State visit to South Africa: Education and research
Ladies and gentlemen,
It is a great pleasure for me to open these joint seminars on higher education and research.
Since 1995 Norway and South-Africa have an extensive of cooperation in a variety of sciences such as medicine, energy and biology. The time has come to examine how we can consolidate and further develop this cooperation in the years ahead. Global challenges require global solutions. The financial crisis and, not least, global climate change are dramatic reminders of this.
With the opening of today’s seminars, our two countries are entering a new phase in our academic partnerships, addressing topics such as climate change and environmental hazards, as well as medicine and public health challenges.
The tuberculosis project at Stellenbosch University is a brilliant example of applied research, where the results are made available for the benefit of the people. Together with the King, I look forward to visiting the tuberculosis project at the clinic in Tygerberg later today.
This morning we visited Green Point Stadium. It is an impressive arena for the 2010 Football World Cup, and I appreciate that this event will be of major importance for South-Africa as host country.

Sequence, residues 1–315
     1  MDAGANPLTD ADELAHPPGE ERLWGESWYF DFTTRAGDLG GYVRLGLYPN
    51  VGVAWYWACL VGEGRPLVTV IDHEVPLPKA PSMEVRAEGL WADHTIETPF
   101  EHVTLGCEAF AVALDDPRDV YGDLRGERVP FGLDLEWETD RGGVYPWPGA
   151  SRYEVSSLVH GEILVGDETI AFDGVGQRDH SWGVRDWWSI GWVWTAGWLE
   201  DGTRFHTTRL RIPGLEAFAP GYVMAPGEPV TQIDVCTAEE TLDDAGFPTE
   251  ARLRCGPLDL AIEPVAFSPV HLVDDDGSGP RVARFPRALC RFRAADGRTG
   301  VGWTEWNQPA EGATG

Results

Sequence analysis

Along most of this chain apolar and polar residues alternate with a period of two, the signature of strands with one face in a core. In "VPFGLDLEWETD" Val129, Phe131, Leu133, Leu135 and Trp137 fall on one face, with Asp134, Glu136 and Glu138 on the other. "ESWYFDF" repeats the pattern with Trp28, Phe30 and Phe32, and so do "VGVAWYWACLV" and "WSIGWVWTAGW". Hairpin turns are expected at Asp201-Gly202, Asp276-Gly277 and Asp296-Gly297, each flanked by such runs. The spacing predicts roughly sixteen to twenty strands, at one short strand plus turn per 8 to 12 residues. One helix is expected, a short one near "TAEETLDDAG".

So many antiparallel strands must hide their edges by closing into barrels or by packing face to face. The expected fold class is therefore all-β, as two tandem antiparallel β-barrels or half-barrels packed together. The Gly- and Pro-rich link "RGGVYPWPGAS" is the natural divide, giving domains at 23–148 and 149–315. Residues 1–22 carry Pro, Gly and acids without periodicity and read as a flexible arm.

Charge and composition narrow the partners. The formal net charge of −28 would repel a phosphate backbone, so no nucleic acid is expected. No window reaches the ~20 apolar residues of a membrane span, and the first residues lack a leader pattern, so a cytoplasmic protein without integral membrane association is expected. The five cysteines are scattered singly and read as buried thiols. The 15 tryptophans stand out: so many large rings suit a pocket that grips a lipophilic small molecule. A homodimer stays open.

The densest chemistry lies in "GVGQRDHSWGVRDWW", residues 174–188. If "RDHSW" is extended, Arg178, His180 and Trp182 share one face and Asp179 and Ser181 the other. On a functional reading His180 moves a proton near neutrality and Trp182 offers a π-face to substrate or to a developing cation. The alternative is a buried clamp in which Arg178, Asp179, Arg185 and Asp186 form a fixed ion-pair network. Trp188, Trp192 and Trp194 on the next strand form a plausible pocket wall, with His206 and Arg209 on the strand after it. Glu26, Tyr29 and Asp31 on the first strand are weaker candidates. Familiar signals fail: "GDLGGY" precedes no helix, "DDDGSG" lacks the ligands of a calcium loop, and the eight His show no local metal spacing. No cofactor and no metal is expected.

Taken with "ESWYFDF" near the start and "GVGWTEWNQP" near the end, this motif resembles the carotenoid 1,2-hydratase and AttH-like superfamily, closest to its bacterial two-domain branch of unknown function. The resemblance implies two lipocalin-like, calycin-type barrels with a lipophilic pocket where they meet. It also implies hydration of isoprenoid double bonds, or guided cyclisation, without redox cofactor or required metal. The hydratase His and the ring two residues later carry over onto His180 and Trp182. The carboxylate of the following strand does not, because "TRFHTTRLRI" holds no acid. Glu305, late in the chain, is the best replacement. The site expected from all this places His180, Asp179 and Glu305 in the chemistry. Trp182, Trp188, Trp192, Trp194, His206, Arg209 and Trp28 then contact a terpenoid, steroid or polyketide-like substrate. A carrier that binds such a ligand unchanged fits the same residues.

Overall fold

Education and research have something in common with football. As scholars and scientists, your “game” is to create a foundation for sustainable development and a knowledge-based economy. In the development of education and research you are human resources coaches; your job is to make your students and scholars good players who are contributing to the common goal. This can only happen when everybody finds his or her role in the big picture, equipped with the qualifications needed for successful performance.
But unlike football, the aim of research is not to beat competitors – but through cooperation to produce knowledge and insights of long-term value to mankind. Talent cannot grow in isolation. We need cooperation in order to develop our universities. Research is indeed something that cannot grow without the sharing of knowledge and ideas. Thanks to the high academic level of our institutions and the talents of our students and scholars on both sides, I am confident that you will find good solutions.
South-Africa is an important actor in the fields of higher education and research. Your country is not only a motor for regional development, it also makes a great contribution to world knowledge. It is therefore a privilege for Norway to continue – and strengthen – the many close ties and cooperation projects that have been established over the years.
I wish you all inspiring discussions. I feel confident that today’s seminars will lay a foundation for stronger cooperation between our countries in the future.